Tuesday, December 05, 2006

Death Of A Tiny Dancer: Goodbye Nakita

I was stunned by the news. I had a beautiful client named Nakita. She was a dancer. She was a kid. She was just 22. She is dead. No one knows how she died. No one knows why she died. The police officer said to me "sometimes people just go. We never find out why." Maybe God just needed a tiny dancer up in Heaven.

She has been dead for nearly 9 months now. I had lost track of her. A little over a year ago, I had helped her and she seemed to be starting to take control of her life. She appeared to be getting out of a life that ran too fast for her, and was settling into a life that was "normal."

I was tipped off to her death earlier today by a oblique e-mail. I did some sleuthing and next thing I know I was looking at her friends blog which paid tribute to Nakita. I saw her picture there, it was a different look for her, but the smile was unmistakable. I pulled my file and confirmed it was her. She was 22.

Police in her hometown had posted a number for those that might have information about her. I called and spoke to a detective who told me they have no known cause of death. I asked him if it was a homicide (which was natural since homicide is covering the case.) He said it had not been ruled a homicide or a suicide. He told me a few things I didn't know. I became sadder knowing she had not been able to put her old life completely behind her. She was a good kid. She had a certain spirit about her. And a naivete, which, given her field, seemed misfitted. I couldn't help but wonder if I had done enough for her.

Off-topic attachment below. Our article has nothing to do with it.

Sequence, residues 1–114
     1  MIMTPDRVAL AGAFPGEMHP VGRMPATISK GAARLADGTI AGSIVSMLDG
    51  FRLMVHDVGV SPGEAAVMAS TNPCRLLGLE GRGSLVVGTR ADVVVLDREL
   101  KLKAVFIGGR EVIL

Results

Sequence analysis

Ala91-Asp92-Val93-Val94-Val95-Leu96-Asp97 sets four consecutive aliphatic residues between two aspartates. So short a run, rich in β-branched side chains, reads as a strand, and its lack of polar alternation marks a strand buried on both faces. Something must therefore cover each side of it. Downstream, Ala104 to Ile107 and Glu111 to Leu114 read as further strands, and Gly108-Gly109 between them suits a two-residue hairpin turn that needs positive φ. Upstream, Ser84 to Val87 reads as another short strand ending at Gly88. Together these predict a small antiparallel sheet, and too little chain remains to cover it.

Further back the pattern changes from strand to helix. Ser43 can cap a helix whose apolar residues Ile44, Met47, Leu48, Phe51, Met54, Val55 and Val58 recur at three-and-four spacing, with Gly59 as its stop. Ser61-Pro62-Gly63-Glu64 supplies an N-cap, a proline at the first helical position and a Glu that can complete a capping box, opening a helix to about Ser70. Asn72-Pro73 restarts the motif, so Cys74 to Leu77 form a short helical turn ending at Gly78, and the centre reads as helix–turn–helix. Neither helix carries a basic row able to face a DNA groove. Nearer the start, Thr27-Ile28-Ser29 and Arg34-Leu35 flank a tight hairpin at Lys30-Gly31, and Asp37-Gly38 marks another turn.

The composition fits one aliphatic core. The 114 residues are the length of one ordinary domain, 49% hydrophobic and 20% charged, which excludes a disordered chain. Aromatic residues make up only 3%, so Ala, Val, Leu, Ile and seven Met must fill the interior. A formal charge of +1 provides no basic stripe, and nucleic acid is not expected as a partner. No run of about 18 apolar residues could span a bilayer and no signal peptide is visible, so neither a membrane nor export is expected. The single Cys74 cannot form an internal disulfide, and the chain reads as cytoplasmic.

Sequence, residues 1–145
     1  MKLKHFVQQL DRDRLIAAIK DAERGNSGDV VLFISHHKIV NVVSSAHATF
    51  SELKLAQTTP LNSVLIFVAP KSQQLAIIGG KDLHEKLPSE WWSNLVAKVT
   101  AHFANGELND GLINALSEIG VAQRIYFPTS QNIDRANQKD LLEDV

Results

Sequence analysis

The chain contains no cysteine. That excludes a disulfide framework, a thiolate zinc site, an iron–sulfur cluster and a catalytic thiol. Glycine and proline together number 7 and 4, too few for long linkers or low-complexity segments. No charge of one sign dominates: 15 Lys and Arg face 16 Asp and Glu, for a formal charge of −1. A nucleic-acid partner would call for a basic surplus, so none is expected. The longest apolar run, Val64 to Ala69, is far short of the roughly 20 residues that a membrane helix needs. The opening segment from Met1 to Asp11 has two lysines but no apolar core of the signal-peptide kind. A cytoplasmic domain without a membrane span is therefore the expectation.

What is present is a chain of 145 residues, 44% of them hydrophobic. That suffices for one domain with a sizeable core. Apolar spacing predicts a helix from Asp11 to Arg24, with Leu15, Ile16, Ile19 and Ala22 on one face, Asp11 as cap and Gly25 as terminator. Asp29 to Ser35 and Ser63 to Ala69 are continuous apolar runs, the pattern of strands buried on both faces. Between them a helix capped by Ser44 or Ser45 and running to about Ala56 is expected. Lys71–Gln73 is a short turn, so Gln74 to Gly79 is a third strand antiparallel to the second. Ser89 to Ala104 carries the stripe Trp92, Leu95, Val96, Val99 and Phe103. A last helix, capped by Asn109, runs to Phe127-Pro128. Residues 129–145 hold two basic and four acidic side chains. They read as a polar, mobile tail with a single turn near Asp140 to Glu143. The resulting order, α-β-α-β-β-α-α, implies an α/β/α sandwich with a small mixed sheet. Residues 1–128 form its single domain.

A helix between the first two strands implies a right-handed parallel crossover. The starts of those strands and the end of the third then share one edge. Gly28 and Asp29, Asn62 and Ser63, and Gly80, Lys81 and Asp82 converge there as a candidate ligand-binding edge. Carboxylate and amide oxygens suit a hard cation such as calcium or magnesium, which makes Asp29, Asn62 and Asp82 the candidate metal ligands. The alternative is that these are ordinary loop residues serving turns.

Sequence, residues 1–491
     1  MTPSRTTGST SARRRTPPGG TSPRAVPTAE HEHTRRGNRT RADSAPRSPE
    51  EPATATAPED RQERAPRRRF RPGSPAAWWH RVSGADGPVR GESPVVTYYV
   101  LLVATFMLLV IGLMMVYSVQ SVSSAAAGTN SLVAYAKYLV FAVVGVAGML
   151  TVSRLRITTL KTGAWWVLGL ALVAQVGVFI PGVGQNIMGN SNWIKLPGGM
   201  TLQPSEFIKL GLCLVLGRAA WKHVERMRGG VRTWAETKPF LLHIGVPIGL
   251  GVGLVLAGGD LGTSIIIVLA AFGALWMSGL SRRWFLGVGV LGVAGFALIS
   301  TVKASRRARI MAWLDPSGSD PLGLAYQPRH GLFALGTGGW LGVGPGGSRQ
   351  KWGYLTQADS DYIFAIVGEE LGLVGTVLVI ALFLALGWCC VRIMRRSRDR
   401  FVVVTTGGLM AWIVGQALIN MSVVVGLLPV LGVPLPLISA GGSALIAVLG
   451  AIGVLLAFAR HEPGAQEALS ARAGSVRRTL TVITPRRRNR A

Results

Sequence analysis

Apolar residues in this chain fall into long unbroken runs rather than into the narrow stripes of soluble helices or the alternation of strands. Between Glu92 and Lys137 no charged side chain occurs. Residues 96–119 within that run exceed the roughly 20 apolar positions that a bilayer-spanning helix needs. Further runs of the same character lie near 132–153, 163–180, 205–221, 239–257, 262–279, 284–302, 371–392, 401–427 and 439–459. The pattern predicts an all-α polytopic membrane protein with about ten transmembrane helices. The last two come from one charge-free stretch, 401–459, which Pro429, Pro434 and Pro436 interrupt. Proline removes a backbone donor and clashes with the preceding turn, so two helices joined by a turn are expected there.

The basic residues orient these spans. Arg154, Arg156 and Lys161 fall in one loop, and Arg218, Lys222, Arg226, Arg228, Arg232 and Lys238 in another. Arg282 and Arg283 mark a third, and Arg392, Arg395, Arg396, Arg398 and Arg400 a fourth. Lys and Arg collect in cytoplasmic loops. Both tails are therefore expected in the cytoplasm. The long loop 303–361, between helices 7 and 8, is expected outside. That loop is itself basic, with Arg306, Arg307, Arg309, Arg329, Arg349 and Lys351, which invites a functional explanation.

In my practice, we try to go beyond handling cases and put time into clients. We attack their social problems and try to put them in better positions than when they came in. Not just legally but sociologically as well. We help them to try to find employment and to address their addiction concerns. We get them help with anger or with learning to handle family and job related responsibilities. We try to change their worlds enough so that they do not become clients again.

I wondered if she had been taking care of herself. I wondered if she had done this to herself or if someone had done it to her. I wondered about her dad, who she loved so. I felt bad I had not taken more time to check on her. I wonder if it would have mattered.

Life is busy. I have limited time to help those who are in my present care, and to care for those in my life who need me outside of the office. I know it is not my responsibility to care for a client's life after they are no longer a client. Still did I do enough for this one.

In my mind's eye I see the exotic dancer who spoke of loving the ballet. I see the daughter who feared she had let down her dad and mom. I see the young woman who was proud of herself for pulling her life back together. I see her smile. It will haunt me for nights to come.

Good night tiny dancer. Goodbye Nakita...
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